“Nevermore” is the story of Edgar Allen Poe in his last days, and I’m guessing it’s the first steampunk musical, thanks to outrageously imaginative design by Bretta Gerecke. In fact, the design tends to overwhelm the thin book, which chronicles Poe’s life as told by a troupe of players who encounter Poe on his final train trip. Poe had a rough life — unlucky in love, unlucky in business — and just when it seemed it might be turning around, he dies.

The show was created by writer, composer, and director Jonathan Christenson, and for all the outlandish look of the piece (think Edward Gorey meets Lady Gaga), it’s a fairly traditional sequential tale in verse of Poe’s life that could use some editing. At two hours and 45 minutes, it is overlong, with not enough new in the second act to sustain interest as well as verse that begins to feel strained.

All that aside, the reason to see the show is Scott Shpeley’s sensational performance as Poe. He has one of those rare voices that is as versatile as it is beautiful and the effect is often thrilling. The rest of the six-member company playing a variety of roles are excellent as well, but it’s unfortunate that the concept trumps the content and lacks the tension we generally expect from Poe himself.

 

Let me just say I adore Christina Bianco. As a comedienne and singer, her impressions have been a highlight of “Forbidden Broadway,” and, in a recent cabaret show, I heard her sing the very best “Last Midnight” from “Into the Woods” I’ve ever encountered. As an impressionist, she is uncanny in her evocations of pop, rock, and Broadway divas, with rare comic virtuosity that has earned her legions of YouTube subscribers.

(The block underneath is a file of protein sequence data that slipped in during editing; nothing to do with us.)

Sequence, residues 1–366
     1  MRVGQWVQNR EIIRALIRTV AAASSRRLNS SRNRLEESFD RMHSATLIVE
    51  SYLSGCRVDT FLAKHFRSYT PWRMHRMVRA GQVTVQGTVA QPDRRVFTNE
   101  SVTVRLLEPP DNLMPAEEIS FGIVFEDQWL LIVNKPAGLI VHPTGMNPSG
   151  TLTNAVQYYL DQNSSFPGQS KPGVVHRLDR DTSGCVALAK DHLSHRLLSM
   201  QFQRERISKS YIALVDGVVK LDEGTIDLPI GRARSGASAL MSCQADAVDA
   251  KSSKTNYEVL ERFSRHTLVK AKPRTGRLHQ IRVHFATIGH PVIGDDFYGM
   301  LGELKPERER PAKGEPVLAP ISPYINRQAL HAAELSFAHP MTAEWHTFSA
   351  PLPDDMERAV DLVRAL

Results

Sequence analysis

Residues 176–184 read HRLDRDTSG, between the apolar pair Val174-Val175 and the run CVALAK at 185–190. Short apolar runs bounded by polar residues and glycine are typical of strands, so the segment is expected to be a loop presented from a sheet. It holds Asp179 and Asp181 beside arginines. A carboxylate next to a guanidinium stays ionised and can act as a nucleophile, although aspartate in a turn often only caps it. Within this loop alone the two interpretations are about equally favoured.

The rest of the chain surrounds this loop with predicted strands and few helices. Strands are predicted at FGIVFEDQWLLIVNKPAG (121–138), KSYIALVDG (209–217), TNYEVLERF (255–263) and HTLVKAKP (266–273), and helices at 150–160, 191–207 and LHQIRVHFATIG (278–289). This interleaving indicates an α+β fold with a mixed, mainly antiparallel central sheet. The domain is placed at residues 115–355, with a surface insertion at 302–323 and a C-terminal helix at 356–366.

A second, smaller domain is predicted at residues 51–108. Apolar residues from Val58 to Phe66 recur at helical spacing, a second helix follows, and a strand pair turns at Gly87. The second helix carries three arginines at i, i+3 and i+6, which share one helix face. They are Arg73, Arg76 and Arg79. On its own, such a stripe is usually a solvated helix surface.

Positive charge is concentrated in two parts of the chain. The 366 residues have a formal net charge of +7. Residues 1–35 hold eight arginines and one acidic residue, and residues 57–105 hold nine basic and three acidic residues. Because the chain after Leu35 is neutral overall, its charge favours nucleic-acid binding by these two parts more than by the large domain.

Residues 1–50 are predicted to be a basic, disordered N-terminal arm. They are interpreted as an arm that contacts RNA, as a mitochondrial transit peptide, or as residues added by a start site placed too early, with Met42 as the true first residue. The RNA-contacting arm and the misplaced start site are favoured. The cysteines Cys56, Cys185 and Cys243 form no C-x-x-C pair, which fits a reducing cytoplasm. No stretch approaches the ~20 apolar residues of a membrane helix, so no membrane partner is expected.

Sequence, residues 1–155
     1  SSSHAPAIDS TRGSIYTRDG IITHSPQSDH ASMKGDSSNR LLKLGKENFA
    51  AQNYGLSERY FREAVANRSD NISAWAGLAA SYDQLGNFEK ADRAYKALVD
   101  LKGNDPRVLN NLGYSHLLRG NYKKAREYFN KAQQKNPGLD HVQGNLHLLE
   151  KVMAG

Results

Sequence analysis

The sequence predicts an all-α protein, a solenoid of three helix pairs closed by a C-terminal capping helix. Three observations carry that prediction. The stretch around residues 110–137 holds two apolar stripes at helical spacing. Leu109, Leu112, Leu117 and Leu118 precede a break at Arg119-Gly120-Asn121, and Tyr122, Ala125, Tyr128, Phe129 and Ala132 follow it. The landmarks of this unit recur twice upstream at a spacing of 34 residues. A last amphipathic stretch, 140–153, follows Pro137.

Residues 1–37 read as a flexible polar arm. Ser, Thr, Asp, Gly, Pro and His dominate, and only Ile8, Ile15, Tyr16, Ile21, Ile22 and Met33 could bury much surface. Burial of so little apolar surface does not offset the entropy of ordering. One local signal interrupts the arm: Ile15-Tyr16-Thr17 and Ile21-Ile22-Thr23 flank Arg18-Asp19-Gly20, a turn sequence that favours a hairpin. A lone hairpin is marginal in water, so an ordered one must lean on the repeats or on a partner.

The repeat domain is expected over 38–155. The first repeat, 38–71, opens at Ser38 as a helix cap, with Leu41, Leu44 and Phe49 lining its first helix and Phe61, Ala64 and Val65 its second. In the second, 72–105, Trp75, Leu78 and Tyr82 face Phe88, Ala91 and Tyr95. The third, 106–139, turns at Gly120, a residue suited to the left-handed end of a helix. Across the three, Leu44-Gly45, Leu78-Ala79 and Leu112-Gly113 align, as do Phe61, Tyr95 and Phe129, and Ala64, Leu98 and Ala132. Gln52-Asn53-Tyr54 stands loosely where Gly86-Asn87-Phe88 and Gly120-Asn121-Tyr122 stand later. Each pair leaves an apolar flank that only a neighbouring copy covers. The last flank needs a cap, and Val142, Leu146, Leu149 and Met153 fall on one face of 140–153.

Christina Bianco in Greg Edwards and Andy Sandberg's "Application Pending." | JOAN MARCUS

Christina Bianco in Greg Edwards and Andy Sandberg's “Application Pending.” | JOAN MARCUS

So, it’s incredibly disappointing to see her in the pandering, shallow, and inept comedy “Application Pending” at the Westside Theatre. In playing all the parts, Bianco carries off the conceit with impressions that have to be both general and distinct. The results, unfortunately, are generic stereotypes of familiar characters culled from soap operas and bad comic acts. We have the flamboyant gay dads, the poor Latina janitor not fluent in English, the annoying Jewish woman, the entitled woman with the tortured lockjaw, and more. There isn’t an original character or gag in the piece, and authors Greg Edwards and Andy Sandberg trot out jokes and torture the plot so that even poor Christine, the beleaguered kindergarten admissions officer fielding the phone calls, emerges as hateful and manipulative, or as the promotional materials would have it, “hilariously cutthroat.”

Actually, there’s nothing hilarious about any of this, and despite Bianco’s incredible technical ability, the piece instead comes off as shockingly condescending, racist, and homophobic, with every character demeaned and scorned. This is the lowest form of insult comedy, both juvenile and offensive.

What Bianco was thinking when she chose to get involved with this project is unclear. At the performance I saw, the house was only about one-third full, which probably means that vast majority of Bianco’s other 129,324 YouTube subscribers will never have to be subjected to this travesty and can continue enjoying the work she does so brilliantly.

PRETTY/ FILTHY | Abrons Art Center, 466 Grand Street at Pitt St. | Through Mar. 1: Tue.-Sat 8 p.m.; Sun. at 2 & 7 p.m. | $55 at ovationtix.com or 866-811-4111 | 90 mins., no intermission

NEVERMORE | New World Stages, 340 W. 50th St. | Mon. at 7 p.m.; Wed.-Sat. at 8 p.m.; Sat. at 2:30 p.m.; Sun. at 3 p.m. | $75-$115 at telecharge.com or 212-239-6200 | Two hrs., 45 mins., with intermission

APPLICATION PENDING | Westside Theatre, 407 W. 43rd St. | Through Apr. 19: Sun.-Tue. at 7 p.m.; Thu.-Sat. at 8 p.m.; Sat.-Sun. at 3 p.m. | $79-$99 at telecharge.com or 212-239-6200 | 75 mins., no intermission